The final and perhaps most effective tool we used was the Open Mic Festival (OMF). The OMF, an annual musical festival that showcase the performance of Gambian artists, is one of the most popular and well attended music shows in the country with over 10,000 attendees and mostly youth. We combined multiple communication channels both online and offline to spread our message to the public to create maximum impact. Overnight, #GambiaHasDecided became the most visible Gambian brand and a symbol of hope for a New Gambia.
After the Open Mic Festival, I had to flee to Senegal with another of our movement’s co-founders, Raffie Diab, in order to escape arrest by state intelligence agents. This action—a warning to the other members and to the public—initially slowed the tempo of the group. Our members had to operate underground distributing T-shirts without being detected by security operatives. Meanwhile, Raffie and I continued our activism in Dakar by working online.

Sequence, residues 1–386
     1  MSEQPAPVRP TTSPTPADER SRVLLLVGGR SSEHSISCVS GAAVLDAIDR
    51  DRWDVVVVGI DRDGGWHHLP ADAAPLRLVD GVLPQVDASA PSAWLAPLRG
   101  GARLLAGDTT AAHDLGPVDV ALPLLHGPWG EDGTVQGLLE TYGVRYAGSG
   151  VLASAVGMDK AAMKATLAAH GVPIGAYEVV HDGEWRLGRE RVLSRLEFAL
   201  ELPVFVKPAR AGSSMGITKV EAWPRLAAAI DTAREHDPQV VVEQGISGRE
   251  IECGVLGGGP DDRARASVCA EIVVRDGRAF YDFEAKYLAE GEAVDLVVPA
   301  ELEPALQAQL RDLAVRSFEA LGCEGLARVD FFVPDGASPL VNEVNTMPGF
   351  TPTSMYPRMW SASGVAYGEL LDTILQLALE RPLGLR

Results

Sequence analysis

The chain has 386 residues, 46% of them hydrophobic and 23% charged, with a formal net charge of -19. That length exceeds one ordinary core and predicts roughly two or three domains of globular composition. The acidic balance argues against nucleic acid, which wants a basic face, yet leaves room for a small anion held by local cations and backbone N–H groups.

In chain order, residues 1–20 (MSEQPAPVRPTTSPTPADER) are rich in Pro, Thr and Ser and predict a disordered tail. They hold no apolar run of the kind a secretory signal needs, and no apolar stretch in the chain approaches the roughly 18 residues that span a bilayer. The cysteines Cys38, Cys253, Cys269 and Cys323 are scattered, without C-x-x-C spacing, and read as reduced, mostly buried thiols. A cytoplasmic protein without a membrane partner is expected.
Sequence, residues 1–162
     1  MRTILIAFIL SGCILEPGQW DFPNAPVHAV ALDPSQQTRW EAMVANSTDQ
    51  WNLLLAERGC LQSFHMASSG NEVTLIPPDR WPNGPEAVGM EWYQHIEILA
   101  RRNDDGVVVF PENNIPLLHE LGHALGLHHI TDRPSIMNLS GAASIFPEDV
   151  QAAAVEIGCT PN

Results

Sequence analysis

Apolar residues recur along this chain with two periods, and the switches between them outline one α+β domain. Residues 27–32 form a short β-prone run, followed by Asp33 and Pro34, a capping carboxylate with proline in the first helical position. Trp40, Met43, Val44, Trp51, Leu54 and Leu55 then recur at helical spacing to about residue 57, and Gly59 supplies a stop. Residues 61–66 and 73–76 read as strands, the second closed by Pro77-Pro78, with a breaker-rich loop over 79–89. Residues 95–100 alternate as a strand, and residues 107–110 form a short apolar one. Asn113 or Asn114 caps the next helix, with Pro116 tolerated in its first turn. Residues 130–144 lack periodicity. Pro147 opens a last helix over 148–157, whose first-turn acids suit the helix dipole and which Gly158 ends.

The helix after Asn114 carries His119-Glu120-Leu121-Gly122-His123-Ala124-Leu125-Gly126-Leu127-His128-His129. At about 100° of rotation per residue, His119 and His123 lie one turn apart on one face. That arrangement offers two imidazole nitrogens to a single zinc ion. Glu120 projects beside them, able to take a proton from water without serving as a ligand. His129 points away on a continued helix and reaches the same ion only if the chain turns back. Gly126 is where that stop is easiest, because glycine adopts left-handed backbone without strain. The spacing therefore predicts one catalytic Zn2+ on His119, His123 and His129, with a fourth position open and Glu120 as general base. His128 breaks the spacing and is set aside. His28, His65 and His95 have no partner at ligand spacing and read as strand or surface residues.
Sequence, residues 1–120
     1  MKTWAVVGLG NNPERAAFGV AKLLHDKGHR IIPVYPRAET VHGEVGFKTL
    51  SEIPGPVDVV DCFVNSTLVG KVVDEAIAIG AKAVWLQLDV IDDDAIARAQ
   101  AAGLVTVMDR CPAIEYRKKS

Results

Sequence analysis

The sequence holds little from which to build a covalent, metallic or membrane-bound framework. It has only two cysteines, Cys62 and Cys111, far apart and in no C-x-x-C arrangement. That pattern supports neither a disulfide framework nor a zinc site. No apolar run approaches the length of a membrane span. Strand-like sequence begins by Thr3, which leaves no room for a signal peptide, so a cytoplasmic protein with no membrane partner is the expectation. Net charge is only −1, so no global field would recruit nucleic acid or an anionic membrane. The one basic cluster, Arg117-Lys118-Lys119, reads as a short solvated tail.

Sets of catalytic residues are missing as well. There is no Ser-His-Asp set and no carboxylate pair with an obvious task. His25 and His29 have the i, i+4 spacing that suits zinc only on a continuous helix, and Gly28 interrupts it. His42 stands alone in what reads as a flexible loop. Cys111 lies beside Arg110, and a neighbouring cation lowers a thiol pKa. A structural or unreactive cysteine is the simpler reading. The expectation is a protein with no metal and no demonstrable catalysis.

Today, Gambia is a democracy and the citizens—including a proliferation of civil society organizations—are no longer afraid to speak truth to power. Our nascent democracy now faces the challenge of managing the expectations of a predominantly youthful population grappling with their newfound rights and a novice government maintaining order in a democratic space.
This experience demonstrates that a determined, united and committed group of young people can provide inspiration and leadership in political crises. One of the critical success factors of our movement was having a committed and professional team that was selfless and tactical in its approach. Indeed, picking the right team to coordinate a movement is critical. It takes more than passion to create impact.
To many, our movement is about the t-shirts or a hashtag, and to others it is about the iconic billboards. #GambiaHasDecided was a platform that helped amplify the voice of the Gambians during the political impasse and was the catalyst that helped in restoration of our democracy. The success of this movement left an indelible mark in Gambia’s political history and has spawned a culture of activism amongst the youth, who truly are the vanguard of the movement.